LifestyleNew exotic tick species found in Sweden poses health risks

New exotic tick species found in Sweden poses health risks

Ticks can transmit serious diseases
Ticks can transmit serious diseases
Images source: © Adobe Stock | Klejdysz Tomasz

28 June 2024 10:57

The Swedish National Veterinary Institute has reported the discovery of a new, exotic species of tick in their country. This species had not been found in this part of the world until now.

Dermacentor marginatus is the name of the exotic tick, which the Swedes call the ornate sheep tick. This type of arachnid naturally occurs in southern Europe, Iran, Kazakhstan, and Central Asia's mountainous regions.

Dangerous tick in Sweden

The new species was observed in Stockholm. Thanks to a parasite monitoring programme that allows anyone to send unusual specimens to experts, it was subjected to studies.

According to the National Veterinary Institute's statement, Dermacentor marginatus can transmit dangerous viruses, including those causing Crimean-Congo hemorrhagic fever. So far, this pathogen has not been found in ticks submitted for analysis. However, investigations into the presence of other viruses and bacteria, including the microorganism Coxiella burnetii, which causes Q fever, also known as goat fever, are ongoing.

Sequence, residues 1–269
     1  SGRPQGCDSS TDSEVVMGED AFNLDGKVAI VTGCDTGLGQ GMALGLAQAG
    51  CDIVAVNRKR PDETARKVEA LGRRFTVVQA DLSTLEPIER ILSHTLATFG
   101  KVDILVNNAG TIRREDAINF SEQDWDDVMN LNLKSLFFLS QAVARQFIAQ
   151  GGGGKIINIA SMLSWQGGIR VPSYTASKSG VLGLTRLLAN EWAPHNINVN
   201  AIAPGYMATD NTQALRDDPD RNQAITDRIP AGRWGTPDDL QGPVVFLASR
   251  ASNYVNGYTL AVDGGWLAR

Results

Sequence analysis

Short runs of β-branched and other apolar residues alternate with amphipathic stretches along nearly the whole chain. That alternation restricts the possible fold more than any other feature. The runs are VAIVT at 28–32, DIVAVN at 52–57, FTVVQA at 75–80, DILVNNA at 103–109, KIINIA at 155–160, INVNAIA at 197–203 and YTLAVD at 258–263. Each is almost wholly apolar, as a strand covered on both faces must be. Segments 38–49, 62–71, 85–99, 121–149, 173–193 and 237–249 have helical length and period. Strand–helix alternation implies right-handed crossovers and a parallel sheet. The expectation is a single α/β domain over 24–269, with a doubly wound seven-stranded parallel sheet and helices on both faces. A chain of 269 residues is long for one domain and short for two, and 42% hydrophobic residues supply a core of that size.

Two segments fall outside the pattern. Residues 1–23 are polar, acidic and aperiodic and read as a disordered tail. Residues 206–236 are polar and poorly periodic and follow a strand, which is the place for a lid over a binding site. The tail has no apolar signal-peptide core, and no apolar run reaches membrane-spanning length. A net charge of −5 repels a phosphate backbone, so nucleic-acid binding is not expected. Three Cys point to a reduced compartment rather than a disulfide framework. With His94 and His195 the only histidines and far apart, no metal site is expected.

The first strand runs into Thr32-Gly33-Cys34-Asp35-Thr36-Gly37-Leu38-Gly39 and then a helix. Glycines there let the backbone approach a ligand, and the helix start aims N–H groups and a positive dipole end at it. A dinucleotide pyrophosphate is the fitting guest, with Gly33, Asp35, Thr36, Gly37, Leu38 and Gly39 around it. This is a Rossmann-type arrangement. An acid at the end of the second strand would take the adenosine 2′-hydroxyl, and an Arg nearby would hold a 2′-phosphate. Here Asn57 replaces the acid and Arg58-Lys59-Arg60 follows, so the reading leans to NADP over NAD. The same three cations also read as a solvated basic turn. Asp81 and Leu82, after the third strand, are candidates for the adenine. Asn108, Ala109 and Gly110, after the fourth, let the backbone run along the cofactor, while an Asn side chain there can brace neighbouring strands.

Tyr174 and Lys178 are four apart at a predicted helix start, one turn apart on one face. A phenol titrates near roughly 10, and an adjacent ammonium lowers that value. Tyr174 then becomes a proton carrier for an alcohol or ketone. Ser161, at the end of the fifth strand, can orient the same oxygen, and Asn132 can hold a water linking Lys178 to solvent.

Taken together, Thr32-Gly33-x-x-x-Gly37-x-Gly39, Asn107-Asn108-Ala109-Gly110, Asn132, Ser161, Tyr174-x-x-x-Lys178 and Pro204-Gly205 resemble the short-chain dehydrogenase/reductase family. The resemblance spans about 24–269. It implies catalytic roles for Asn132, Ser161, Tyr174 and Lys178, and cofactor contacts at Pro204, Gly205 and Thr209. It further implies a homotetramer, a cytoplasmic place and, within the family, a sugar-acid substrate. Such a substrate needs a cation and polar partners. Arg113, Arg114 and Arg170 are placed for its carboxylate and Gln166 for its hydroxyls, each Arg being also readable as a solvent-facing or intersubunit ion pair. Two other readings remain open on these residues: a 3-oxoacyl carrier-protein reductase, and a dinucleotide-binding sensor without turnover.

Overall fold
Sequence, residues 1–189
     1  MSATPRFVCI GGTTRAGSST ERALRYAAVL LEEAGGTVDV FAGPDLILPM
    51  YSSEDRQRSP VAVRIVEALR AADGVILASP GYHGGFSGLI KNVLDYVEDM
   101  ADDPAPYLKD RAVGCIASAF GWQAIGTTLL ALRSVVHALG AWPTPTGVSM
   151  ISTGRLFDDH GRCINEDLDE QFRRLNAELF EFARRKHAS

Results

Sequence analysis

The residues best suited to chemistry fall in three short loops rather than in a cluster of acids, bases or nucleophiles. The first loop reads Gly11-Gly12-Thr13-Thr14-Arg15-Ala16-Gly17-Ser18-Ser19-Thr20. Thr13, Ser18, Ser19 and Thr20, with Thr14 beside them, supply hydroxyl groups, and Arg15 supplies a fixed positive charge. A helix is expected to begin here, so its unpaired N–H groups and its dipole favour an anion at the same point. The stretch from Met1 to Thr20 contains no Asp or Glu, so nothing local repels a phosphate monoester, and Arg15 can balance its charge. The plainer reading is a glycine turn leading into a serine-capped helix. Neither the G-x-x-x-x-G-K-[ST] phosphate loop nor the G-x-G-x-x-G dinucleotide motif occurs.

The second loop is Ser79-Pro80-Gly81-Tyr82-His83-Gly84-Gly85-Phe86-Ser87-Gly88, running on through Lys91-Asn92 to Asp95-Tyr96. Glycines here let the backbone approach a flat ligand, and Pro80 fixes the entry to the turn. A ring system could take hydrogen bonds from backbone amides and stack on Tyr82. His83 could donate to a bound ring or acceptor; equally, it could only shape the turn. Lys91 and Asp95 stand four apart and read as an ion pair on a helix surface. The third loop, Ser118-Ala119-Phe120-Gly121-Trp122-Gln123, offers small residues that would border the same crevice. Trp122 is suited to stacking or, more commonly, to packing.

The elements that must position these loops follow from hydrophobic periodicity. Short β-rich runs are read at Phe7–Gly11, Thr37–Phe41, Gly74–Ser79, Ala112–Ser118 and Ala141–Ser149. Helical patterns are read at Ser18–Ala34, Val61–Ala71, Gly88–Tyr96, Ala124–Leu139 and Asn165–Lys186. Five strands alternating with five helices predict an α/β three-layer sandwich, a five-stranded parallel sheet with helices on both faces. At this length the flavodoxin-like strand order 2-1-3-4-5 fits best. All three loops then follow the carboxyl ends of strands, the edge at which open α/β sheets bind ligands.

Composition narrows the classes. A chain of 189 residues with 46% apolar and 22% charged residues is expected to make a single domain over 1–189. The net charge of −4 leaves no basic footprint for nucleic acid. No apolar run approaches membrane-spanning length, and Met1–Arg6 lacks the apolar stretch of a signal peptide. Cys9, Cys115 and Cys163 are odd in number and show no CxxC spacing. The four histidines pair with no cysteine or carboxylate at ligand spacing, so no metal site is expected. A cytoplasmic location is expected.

Predictions are not good

According to scientists, although only single specimens of the ornate sheep tick have been found in Sweden, with climate change and rising temperatures, the spread of this species can be expected. The presence of new tick species in Scandinavia is also influenced by human and animal migrations, as well as the development of tourism.

The Swedish veterinary services encourage people to send in ticks found in the country for study. However, a photo of the specimen should first be sent via the institute's website. Experts also run a blog where they share the results of their research. Anna Omazic from the National Veterinary Institute emphasized how important it is to create a map of the occurrence of exotic tick species as early as possible to better prepare for cases of infection in animals or humans.

See also